You see, if my tribe loses any of these scenarios in federal court, every single tribe in the nation will be adversely affected. Meanwhile, while the fight to keep or banish the image of a dead president continues into at least its fourth decade, the real threat is the living future and the living current politicians who continue to kill us and steal our lands.

Consider over 30 years of collective energy put into removing the stature of a dead man, and now there’s a group out there putting even more energy into keeping it?

Now, think of all the good these groups could do if they all came together to fight an immediate, real, live threat instead of each other.

Yearly, since 1913, new students of every race and demographic have attended Humboldt State and that statue and Arcata’s open conversations about one of the (many) worst U.S. presidents of all time teaches young people more about imperialism than any learning institution can.

Please, leave the conversation open, burying history is never a good idea... We don’t have the right to hide this president’s history any more than educational institutions have the right to hide Indian history. We are all part of both sides to this history, this history which happens to be repeating itself as I type.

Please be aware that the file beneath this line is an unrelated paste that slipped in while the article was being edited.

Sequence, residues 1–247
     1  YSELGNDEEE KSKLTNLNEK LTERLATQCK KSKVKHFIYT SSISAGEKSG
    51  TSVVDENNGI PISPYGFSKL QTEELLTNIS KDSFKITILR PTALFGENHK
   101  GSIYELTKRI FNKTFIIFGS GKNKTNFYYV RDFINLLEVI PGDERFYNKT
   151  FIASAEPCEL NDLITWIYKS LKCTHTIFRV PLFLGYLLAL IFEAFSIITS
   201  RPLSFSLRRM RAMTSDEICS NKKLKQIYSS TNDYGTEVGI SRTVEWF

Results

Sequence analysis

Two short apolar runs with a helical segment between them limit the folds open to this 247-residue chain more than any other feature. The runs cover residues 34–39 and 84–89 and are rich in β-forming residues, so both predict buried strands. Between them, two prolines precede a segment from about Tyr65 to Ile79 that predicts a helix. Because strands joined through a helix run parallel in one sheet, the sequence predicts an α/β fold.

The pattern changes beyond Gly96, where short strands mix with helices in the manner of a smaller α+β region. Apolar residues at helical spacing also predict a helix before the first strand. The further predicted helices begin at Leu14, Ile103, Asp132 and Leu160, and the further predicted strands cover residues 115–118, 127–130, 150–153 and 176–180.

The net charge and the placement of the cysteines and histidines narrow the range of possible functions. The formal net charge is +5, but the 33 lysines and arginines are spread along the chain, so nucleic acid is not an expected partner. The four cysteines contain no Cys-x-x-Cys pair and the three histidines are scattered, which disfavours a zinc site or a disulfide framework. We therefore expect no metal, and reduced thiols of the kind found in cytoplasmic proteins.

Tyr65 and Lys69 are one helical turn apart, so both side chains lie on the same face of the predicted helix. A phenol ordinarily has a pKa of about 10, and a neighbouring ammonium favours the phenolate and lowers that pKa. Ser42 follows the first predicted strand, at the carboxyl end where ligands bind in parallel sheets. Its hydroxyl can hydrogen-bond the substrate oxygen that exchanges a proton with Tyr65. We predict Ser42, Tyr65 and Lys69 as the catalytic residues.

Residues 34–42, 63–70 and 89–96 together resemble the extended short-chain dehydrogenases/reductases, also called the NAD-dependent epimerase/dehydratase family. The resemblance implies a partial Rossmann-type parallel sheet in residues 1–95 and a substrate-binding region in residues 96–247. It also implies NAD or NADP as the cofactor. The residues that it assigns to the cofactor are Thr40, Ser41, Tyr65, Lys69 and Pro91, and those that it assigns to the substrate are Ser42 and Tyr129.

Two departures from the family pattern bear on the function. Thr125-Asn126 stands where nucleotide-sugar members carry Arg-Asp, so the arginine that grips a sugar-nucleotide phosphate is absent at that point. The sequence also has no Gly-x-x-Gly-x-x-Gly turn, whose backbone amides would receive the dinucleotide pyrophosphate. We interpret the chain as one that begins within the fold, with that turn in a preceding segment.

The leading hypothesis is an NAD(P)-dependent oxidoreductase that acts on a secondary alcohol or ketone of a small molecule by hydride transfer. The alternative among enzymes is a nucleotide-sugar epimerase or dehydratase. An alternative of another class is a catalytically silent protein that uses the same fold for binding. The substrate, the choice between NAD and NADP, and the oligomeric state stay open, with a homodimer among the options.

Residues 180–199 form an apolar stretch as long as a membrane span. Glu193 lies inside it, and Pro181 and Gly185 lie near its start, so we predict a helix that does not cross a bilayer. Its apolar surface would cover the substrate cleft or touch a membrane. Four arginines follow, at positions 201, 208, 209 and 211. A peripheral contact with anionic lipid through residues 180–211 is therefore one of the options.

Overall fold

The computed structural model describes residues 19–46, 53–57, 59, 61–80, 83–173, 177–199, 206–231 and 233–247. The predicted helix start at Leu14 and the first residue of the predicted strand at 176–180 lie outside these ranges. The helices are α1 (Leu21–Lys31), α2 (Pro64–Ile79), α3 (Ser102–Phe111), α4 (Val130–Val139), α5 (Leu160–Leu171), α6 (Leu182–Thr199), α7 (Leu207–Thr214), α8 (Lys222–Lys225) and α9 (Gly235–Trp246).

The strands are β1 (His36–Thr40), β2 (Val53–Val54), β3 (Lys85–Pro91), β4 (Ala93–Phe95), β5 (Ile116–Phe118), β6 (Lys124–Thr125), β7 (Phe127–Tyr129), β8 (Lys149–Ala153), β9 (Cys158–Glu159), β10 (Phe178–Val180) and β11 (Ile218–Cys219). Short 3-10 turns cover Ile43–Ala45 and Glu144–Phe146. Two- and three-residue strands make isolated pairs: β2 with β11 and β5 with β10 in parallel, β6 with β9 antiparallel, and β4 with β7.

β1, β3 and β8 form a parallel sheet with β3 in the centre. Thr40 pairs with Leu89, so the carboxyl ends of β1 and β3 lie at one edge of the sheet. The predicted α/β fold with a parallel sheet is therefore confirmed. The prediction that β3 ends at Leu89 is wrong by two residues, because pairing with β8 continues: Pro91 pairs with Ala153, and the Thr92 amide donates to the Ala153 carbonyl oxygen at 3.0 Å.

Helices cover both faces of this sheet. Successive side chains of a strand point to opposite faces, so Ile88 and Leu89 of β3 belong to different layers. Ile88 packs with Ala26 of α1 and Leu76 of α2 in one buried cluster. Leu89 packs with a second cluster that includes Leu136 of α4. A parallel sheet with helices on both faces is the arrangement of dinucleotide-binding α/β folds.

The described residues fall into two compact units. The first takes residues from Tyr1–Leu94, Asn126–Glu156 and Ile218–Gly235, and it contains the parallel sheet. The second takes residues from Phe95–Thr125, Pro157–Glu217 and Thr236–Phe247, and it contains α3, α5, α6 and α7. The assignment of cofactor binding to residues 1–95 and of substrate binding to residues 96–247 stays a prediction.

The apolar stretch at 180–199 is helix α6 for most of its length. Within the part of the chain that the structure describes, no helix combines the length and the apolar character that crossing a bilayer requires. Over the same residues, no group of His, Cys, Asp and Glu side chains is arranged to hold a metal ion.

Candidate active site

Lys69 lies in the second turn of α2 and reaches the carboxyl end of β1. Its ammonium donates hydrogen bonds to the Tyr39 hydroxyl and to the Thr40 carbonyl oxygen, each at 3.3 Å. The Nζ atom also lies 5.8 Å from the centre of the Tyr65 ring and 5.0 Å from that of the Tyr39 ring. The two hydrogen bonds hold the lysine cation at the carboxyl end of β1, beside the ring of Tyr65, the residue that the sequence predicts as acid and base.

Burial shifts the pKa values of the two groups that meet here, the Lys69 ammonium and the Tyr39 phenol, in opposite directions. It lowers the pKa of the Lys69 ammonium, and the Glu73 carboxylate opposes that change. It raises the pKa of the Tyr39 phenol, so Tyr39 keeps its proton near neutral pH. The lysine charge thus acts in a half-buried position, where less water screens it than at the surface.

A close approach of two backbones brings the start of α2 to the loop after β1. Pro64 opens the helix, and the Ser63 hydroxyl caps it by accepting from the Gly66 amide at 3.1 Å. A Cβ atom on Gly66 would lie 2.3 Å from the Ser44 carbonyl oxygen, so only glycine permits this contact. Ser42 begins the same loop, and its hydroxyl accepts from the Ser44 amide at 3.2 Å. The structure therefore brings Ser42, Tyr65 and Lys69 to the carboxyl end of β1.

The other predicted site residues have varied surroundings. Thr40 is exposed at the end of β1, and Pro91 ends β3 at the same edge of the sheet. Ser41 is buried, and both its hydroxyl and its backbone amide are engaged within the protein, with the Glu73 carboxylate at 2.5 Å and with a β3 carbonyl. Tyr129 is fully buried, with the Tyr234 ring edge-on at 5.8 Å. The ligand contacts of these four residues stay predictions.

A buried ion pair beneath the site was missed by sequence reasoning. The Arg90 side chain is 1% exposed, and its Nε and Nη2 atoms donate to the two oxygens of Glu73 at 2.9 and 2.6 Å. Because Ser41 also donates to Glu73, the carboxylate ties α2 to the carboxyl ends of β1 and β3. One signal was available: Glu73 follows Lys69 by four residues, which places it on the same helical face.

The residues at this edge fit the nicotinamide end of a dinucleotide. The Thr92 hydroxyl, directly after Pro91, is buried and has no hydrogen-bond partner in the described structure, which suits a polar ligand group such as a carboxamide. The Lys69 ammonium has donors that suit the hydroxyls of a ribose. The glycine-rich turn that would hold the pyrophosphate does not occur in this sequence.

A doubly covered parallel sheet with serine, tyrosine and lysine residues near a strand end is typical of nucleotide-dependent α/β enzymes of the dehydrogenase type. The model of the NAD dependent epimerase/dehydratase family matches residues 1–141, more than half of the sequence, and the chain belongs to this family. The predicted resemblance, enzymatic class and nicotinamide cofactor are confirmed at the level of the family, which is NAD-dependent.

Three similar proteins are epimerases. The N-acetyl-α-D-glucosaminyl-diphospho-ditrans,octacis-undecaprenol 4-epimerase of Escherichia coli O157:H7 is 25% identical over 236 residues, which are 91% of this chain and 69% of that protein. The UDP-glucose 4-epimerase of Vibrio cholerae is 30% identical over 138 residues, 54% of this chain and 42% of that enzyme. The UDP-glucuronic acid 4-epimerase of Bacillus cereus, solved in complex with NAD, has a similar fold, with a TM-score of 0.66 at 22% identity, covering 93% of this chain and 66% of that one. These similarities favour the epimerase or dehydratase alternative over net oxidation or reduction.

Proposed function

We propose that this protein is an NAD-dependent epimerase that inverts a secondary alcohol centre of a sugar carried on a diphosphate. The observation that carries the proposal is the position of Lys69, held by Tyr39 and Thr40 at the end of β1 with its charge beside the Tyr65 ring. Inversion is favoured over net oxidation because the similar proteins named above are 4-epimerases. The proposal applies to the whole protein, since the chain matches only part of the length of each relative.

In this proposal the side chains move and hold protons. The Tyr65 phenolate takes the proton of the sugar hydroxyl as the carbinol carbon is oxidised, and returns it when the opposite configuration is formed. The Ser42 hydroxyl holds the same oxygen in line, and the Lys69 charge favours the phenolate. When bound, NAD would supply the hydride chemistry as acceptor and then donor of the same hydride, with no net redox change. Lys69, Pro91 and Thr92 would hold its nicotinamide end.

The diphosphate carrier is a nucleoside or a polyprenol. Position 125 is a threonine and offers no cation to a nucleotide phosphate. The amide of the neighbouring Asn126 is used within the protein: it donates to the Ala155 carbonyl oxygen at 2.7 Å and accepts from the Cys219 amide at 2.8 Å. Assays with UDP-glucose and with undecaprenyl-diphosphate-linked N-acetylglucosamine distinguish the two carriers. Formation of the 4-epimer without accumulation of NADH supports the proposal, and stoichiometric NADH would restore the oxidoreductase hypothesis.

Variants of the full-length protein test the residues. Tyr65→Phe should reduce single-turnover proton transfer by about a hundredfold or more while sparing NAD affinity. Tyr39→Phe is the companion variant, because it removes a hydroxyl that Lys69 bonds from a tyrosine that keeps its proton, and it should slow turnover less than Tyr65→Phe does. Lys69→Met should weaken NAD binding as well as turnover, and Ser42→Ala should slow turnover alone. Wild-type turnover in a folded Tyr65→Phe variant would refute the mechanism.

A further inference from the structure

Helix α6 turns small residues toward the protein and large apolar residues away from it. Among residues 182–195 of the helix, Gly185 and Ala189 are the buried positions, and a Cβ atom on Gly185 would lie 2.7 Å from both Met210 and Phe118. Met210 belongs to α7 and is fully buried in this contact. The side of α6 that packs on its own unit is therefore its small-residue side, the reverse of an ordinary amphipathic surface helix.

The facts: People spend decades attempting to keep or remove a statue of a dead president v. currently a live president who is trying to wipe us off the face of the U.S. map.

We are literally dying under this administration and this community is going to take another three decades and fight over green a hunk of bronze? This statue is a complete waste of resources... we don’t have time for this.

“Act local and think global.” It’s on every Volkswagen bumper in Arcata. In this case, maybe (just maybe) acting local means to stop fighting? Maybe it’s time to take our heads out of the Arcata state-of-mind and act global?

Is Arcata such a liberal, utopian, self-absorbed, self-contained bubble now that a hunk of bronze is what the activists spend their time fighting over?

I’ll guarantee you the mere 3-D artistic representation of a dead president is unable to pass any harmful legislation, but if people just spend the next 30 years holding signs protesting, it’s the living one who will kill us.

Nanette Kelley is a McKinleyville resident, Osage-Cherokee NDN and citizen of Planet Earth.